The holidays are drawing near. Contemporary Christmas celebrations range from close family gatherings to elaborate parties and celebration events. For the early pioneer family Christmas celebrations were very different.

Two possible social events were all that pioneers attended. The first event was probably a religious celebration in the rural church, which sometimes doubled as the schoolhouse if the town hadn’t had the time to build a church. In the small community near my home the first church was built in 1913, so services were held in homes or the school prior to church construction. This service usually consisted of singing carols and a re-enactment of the Nativity story with children clad in fuzzy bathrobes and a doll as the Christ child. Sometimes a willing new mother could be convinced to allow her new child to act as “Baby” Jesus. After the service, the participants and guests helped themselves to homemade cookies, holiday breads, and, if available, some fruit punch.

The second event was attended by all neighbors and parents in the area. Whether you had children in school or not, you probably attended the one-room school Christmas party. Everyone was entertained by Christmas stories and songs. Each child had a part in the program. Sometimes there would be a play, but mostly the audience was treated to singing. The photo I’ve attached was taken after one such Christmas event. The entire neighborhood was rounded up for a photo after the program. You should note that each child is proudly clutching their Christmas gift—a popcorn ball. In the mountain town of Georgetown, Colorado, the wealthy Hamill family made certain that oranges were brought in to provide a special gift for each child.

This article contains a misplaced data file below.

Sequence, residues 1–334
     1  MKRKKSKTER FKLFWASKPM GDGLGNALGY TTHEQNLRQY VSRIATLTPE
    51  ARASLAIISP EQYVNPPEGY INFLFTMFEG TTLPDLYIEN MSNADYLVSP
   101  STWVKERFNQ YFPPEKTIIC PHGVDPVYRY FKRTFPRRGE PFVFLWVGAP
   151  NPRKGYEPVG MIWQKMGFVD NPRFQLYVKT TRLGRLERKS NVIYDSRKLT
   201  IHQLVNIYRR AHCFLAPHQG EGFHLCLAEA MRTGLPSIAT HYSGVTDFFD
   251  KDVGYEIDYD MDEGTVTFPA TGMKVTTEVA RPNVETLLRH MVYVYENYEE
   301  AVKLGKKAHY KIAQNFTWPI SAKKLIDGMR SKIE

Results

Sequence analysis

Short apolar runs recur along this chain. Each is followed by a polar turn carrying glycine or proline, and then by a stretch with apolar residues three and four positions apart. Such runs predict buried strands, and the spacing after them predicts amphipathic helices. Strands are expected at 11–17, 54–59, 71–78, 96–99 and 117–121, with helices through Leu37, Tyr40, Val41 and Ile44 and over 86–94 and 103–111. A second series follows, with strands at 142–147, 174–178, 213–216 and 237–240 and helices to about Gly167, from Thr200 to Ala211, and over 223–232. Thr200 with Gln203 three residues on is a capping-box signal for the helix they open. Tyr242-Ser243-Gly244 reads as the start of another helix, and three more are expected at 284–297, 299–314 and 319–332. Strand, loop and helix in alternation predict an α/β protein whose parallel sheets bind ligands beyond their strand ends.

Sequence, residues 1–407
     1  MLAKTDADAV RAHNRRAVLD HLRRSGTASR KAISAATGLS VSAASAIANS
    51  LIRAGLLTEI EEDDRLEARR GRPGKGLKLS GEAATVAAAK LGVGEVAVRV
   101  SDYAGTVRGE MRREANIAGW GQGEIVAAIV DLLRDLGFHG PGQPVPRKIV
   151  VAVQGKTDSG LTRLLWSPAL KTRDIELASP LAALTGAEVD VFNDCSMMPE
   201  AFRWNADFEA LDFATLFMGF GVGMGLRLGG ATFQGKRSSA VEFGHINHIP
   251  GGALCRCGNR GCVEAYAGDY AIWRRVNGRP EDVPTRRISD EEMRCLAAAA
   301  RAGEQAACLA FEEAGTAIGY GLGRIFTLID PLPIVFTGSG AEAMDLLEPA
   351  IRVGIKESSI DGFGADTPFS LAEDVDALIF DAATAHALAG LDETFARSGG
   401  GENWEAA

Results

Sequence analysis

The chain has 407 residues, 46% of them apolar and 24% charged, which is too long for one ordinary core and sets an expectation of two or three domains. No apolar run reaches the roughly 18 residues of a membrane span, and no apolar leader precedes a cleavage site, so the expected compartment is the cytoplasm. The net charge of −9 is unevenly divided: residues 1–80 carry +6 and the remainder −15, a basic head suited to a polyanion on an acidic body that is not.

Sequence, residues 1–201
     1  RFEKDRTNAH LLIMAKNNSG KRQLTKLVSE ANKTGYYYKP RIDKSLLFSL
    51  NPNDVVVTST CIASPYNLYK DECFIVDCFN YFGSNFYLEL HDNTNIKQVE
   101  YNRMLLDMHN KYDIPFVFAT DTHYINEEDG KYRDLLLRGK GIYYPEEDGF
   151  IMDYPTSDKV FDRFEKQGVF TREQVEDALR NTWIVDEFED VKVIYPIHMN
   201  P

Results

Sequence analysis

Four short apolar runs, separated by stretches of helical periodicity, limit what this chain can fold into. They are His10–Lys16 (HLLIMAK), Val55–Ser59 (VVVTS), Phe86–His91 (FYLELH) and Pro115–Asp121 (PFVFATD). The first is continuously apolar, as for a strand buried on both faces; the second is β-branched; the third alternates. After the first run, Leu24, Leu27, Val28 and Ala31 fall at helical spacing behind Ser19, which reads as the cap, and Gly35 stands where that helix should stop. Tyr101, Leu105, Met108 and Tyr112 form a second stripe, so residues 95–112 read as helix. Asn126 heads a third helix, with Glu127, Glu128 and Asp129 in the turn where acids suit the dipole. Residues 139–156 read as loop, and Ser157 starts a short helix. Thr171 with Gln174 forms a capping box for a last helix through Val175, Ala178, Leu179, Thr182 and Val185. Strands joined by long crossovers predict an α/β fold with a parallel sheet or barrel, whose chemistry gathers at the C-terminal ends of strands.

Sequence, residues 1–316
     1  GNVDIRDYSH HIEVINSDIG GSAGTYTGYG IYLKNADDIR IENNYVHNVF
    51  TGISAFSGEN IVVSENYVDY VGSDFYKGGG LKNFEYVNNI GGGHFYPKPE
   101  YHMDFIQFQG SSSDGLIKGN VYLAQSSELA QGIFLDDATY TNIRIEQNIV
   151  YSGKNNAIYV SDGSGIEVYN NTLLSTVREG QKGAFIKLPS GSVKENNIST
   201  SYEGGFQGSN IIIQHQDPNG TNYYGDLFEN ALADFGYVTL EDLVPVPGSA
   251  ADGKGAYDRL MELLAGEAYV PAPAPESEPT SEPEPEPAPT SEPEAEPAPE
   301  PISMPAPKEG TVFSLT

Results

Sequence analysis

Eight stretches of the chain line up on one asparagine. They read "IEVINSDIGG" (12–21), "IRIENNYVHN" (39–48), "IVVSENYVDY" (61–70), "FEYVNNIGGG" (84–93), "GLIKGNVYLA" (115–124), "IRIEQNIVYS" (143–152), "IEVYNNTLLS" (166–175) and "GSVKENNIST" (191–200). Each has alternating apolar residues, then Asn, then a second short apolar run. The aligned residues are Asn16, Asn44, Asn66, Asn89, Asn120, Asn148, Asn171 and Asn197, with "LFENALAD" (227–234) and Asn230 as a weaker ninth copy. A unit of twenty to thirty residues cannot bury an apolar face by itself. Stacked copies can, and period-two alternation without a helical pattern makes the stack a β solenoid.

Whether historic or modern, holiday celebrations have always included close family and neighbors.



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